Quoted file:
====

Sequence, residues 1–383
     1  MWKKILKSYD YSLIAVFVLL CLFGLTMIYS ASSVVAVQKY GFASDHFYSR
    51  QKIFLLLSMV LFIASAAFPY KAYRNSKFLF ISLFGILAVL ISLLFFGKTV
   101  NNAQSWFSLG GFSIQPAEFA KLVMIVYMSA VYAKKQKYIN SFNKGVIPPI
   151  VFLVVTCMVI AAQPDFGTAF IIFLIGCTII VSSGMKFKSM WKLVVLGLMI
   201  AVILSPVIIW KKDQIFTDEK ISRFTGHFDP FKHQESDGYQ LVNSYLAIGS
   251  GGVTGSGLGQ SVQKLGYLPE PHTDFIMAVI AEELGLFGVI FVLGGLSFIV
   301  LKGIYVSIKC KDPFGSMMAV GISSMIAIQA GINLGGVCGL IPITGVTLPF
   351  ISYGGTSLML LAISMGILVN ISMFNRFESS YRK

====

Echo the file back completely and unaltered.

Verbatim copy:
Sequence, residues 1–383
     1  MWKKILKSYD YSLIAVFVLL CLFGLTMIYS ASSVVAVQKY GFASDHFYSR
    51  QKIFLLLSMV LFIASAAFPY KAYRNSKFLF ISLFGILAVL ISLLFFGKTV
   101  NNAQSWFSLG GFSIQPAEFA KLVMIVYMSA VYAKKQKYIN SFNKGVIPPI
   151  VFLVVTCMVI AAQPDFGTAF IIFLIGCTII VSSGMKFKSM WKLVVLGLMI
   201  AVILSPVIIW KKDQIFTDEK ISRFTGHFDP FKHQESDGYQ LVNSYLAIGS
   251  GGVTGSGLGQ SVQKLGYLPE PHTDFIMAVI AEELGLFGVI FVLGGLSFIV
   301  LKGIYVSIKC KDPFGSMMAV GISSMIAIQA GINLGGVCGL IPITGVTLPF
   351  ISYGGTSLML LAISMGILVN ISMFNRFESS YRK